TFSA’s and Non-residents of Canada
One of the things you need to open a TFSA is a valid Canadian social insurance number. But there’s nothing that says you actually have to be living in Canada, or that dual-citizens can’t hold TFSAs as well. You can, it’s just a bit more complicated.
Are you a Canadian but a non-resident?
- If you live outside Canada full-time, you are a non-resident
- If you live outside Canada at least 6 months out of every year but have a Canadian spouse or common-law partner, children, or a house in Canada, you are a Canadian resident.
- If you live outside Canada at least 6 months out of every year and don’t have a Canadian spouse or common-law partner, children, a house in Canada, or any other significant social ties, you are a non-resident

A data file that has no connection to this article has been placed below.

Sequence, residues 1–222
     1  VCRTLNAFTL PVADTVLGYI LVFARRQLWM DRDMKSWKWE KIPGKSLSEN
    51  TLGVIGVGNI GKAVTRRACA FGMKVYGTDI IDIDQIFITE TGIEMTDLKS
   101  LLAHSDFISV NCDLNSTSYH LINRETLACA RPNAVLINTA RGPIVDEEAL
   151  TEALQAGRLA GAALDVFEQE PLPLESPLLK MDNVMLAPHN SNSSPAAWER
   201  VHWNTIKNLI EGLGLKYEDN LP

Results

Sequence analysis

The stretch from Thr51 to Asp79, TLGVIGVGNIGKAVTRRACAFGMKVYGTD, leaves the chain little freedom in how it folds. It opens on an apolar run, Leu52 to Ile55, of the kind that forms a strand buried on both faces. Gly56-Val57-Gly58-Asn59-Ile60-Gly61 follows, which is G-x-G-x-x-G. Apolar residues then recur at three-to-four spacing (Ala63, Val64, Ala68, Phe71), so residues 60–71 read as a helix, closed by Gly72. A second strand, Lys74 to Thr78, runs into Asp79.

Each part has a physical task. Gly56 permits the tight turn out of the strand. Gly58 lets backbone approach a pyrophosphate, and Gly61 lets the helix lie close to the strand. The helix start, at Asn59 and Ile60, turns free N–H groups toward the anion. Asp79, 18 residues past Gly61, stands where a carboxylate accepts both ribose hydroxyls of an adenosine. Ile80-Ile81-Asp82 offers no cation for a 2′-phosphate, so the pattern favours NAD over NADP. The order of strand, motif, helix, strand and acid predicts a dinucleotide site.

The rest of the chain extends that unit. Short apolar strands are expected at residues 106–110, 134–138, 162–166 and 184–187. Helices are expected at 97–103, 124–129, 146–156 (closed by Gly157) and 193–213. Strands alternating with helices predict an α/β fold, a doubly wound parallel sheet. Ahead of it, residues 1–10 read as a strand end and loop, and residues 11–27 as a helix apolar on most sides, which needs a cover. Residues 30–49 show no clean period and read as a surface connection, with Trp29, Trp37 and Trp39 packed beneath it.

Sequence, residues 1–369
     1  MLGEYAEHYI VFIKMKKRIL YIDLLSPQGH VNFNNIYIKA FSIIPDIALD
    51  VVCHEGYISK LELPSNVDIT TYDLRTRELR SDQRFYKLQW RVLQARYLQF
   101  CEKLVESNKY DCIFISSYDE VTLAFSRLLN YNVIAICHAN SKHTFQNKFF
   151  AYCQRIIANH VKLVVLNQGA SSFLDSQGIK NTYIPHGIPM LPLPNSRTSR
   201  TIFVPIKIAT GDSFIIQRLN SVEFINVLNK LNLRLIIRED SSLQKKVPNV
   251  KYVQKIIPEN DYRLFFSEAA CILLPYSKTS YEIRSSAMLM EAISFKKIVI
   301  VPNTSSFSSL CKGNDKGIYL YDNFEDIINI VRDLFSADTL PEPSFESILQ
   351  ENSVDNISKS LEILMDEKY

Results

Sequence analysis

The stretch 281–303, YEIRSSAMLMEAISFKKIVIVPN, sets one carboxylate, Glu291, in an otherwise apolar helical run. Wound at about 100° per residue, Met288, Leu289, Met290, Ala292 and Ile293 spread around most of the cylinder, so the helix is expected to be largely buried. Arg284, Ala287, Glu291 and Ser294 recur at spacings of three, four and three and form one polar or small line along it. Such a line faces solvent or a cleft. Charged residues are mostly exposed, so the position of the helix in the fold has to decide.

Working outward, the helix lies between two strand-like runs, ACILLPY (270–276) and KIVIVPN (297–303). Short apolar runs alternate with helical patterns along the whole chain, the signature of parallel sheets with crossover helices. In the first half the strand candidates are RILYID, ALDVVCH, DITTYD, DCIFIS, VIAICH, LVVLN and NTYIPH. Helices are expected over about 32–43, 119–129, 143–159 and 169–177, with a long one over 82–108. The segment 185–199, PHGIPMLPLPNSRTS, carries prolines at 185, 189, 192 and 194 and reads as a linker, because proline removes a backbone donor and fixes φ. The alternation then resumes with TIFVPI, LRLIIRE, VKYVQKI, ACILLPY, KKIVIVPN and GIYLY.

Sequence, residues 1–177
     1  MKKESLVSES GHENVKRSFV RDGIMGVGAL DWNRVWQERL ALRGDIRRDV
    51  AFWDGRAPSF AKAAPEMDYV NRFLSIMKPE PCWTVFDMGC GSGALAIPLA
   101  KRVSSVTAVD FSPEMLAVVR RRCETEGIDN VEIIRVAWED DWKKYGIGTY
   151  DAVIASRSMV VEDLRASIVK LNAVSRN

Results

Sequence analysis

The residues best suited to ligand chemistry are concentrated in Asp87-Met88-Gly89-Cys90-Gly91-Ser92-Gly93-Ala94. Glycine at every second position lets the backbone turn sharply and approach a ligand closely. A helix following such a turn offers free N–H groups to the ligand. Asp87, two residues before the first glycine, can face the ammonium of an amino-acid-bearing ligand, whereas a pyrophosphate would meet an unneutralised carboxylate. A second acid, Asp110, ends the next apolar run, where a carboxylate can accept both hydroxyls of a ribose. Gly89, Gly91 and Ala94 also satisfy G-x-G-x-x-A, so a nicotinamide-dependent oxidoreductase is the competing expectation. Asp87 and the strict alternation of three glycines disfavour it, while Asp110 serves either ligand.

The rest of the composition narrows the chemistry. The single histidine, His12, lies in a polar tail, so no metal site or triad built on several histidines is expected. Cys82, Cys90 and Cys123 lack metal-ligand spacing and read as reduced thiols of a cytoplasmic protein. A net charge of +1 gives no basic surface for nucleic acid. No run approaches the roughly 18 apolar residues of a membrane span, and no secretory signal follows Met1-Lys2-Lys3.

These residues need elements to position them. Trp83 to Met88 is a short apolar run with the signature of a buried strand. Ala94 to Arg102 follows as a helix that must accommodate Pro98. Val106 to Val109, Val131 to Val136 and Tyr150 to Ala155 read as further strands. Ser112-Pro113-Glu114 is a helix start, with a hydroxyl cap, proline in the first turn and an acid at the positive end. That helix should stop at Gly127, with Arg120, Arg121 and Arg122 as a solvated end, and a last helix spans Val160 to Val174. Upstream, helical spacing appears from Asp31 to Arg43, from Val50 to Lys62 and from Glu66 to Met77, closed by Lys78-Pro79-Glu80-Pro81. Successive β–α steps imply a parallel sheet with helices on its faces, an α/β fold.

So, if you are a non-resident, what can you do? You can still have a TFSA, but there are tax consequences. You will have to pay a tax of 1% per month on anything you contribute while a non-resident (there are some exceptions such as contributions transferring over from deceased holder’s TFSA). And you’ll continue to get dinged with this 1% tax until you withdraw everything from the TFSA, or you become a Canadian resident.
Fortunately, non-residents can enjoy the same perks as Canadian residents when it comes to the tax-free status of the account. Just like Canadian residents, non-residents can enjoy your earnings tax-free, and make withdrawals without it counting as income. But this only applies to Canadian taxes…if you are a dual citizen you could get taxed by your other country of citizenship for having foreign (to them) income!
Also, as a non-resident you aren’t allowed to accumulate contribution room like Canadian residents can. If you make regular contributions while a non-resident, chances are you’ll reach your contribution limit quickly and end up over-contributing. At that point you’ll have to pay the 1% over-contribution penalty in addition to the 1% non-resident tax. So if you are a non-resident, it could cost you a lot to maintain a TFSA, and may not be worth it if the penalties are a significant fraction of your funds!